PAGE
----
This event will be held at the Compass Room Restaurant during day light hours atop the Hyatt hotel located in the Concrete Desert of Phoenix Arizona. The event will allow for an hour of Rogue conversations while obtaining a rotating observation of the destruction wrought on Phoenix by ugly developers. The menu will include Martinis, stirred not shaken thank you. Sweet Lucy Wine will be served by one of Jon’s favorite protagonists. Guest speakers will include a Macho Hispanic law enforcement type and a local strong willed motorcycle nut and active FBI agent whose real identity cannot be revealed as she is currently investigating an organized prostitute ring in Sun City. For reservations please contact Cabrone Cal at 6023161755 or coper1658@aol.com. Plus if you need me to take video of your current SO, I will be happy to do so. Rates start at $150 per hour plus expenses. Mileage starts from the time I leave my Jim Rockford type motor home.


There are some crazy ass long posts here, but I enjoy 'em all. Not a Rogue Columnist Fan Club? And I'm already priced out of the supper club (no burritos at some hole-in-the-wall or the Presidential Booth at Pancho's?). And I always end up with a couple more hours of reading to do from all the links and sidebars (too bad I'm not at work!). I always thought Tucsonians refered to Phoenix as the "Center of the Universe" - quit 'er bitchin' toads and take yon lips off the water straw. Nice post RC!

An interesting perspective on the region vs. city divide:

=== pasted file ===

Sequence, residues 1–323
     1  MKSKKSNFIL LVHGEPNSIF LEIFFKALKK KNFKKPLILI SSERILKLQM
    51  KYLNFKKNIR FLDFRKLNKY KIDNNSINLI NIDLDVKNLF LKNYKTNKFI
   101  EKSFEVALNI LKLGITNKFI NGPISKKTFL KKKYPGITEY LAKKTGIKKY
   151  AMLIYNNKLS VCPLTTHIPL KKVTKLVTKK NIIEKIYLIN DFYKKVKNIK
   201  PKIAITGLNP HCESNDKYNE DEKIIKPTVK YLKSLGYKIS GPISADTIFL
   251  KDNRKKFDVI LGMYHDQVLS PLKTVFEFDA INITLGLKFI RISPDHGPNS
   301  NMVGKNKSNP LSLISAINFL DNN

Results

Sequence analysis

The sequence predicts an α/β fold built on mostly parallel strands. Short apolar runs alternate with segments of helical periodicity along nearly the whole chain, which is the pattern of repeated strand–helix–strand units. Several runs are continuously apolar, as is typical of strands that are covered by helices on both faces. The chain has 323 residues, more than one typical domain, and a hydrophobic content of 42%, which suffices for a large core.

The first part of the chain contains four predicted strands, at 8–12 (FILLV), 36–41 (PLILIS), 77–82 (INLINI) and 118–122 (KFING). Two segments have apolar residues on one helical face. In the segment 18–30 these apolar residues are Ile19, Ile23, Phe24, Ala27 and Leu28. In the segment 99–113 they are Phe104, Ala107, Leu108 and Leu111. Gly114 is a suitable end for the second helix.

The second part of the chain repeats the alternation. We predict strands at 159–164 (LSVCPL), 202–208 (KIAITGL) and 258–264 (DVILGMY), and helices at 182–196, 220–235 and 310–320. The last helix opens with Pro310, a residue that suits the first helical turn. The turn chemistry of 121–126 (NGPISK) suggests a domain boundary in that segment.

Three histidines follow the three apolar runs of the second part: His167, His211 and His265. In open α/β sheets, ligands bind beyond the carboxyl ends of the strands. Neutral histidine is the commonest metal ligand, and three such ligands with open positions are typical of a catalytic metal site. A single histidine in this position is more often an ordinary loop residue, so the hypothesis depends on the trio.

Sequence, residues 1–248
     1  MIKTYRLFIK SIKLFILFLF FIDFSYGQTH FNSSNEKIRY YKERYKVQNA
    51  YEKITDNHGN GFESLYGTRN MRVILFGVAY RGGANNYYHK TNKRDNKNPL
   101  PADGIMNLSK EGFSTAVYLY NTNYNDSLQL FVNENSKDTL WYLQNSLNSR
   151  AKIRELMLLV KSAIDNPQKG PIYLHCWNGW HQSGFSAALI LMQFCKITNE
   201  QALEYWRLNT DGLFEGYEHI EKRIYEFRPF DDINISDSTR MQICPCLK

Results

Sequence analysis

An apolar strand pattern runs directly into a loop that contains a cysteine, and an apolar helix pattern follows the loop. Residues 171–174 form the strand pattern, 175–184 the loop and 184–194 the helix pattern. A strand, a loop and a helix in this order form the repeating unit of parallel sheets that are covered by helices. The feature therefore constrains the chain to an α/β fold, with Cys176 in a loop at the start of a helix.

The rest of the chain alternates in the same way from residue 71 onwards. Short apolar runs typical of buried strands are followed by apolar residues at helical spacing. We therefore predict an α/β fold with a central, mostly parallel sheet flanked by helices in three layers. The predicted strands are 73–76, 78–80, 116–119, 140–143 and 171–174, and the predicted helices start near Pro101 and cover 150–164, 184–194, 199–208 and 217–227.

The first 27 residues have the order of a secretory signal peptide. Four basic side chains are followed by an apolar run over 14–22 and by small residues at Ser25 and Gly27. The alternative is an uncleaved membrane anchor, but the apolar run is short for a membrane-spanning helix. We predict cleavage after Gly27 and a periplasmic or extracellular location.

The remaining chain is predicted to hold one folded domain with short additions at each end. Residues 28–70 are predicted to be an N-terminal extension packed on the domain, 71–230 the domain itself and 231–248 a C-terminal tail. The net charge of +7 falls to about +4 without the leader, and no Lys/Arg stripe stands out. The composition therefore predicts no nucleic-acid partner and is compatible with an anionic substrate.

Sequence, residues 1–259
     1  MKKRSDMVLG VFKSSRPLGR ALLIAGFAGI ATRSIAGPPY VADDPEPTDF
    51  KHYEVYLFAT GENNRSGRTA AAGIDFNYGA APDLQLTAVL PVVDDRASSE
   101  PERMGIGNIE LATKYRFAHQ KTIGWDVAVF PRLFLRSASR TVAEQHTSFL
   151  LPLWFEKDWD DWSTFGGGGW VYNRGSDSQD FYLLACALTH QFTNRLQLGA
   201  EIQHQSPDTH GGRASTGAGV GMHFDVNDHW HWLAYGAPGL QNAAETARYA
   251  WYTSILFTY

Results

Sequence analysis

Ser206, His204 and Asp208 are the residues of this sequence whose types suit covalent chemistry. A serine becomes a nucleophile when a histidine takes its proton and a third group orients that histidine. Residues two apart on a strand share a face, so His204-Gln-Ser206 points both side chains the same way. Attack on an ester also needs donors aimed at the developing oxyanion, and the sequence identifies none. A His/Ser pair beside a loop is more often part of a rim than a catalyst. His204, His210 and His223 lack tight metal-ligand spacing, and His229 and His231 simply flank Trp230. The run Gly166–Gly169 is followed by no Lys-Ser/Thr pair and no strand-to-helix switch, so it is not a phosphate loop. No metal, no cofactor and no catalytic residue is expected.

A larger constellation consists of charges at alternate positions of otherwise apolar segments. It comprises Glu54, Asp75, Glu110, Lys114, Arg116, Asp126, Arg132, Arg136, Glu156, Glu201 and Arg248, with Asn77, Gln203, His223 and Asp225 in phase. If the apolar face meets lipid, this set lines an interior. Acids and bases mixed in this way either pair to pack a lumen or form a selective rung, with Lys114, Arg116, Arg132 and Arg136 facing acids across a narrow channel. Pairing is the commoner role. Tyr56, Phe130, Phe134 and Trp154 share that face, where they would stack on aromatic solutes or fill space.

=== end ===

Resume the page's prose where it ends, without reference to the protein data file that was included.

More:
"In both countries, most of the population lives in urban areas, but there is a crucial difference in language that creates a difference in habits of thought. Americans think of big "cities" as separate from their "suburbs," and often use these terms as shorthand or euphemism for a range of other oppositions. (Only in America, for example, would a style of music associated with black people be called "Urban.") Americans also have the idea of a suburban center (what Joel Garreau calls an "Edge City') that clings to the outer orbit of a big city but can think of itself as unrelated to it. Hence someone in Tyson's Corner, Virginia, say, may be happier thinking of their metro area as "Northern Virginia" rather than "greater Washington DC.""


A question for you "urban" warriors.

When I first visited Arcosanti, I remember thinking to myself, "This makes a lot of sense". Reduce the human footprint on nature, so that nature is preserved for future enjoyment. Energy is used more efficiently. Time is used more efficiently.

In our "open, free market society", sound, good ideas usually end up working and being accepted by the masses.

So here's my question, if the idea was good, why did it fail so badly and who were the forces who won out over "the good idea"?

(I know the answer, I'm just curious what your thoughts are.)

Azrebel, I think it failed because it wasn't a good idea. I'm not saying that the "free market" is a fail-proof arbiter of these things, only that "arcology" was a brilliant but daft idea that suffered from a basic misunderstanding of the environment. We live on the planet for a reason - that's where all the goodies are. It's not as if elevating ourselves will somehow make our resource demands that much less. Yes, there's some gain in efficiencies and energy conservation by living vertically but past a certain point, the arbitrary nature of the commune becomes self-defeating. Arcosanti would have been the sine qua ultra of command economies requiring an overseer class that would make our current oligarchy look egalitarian.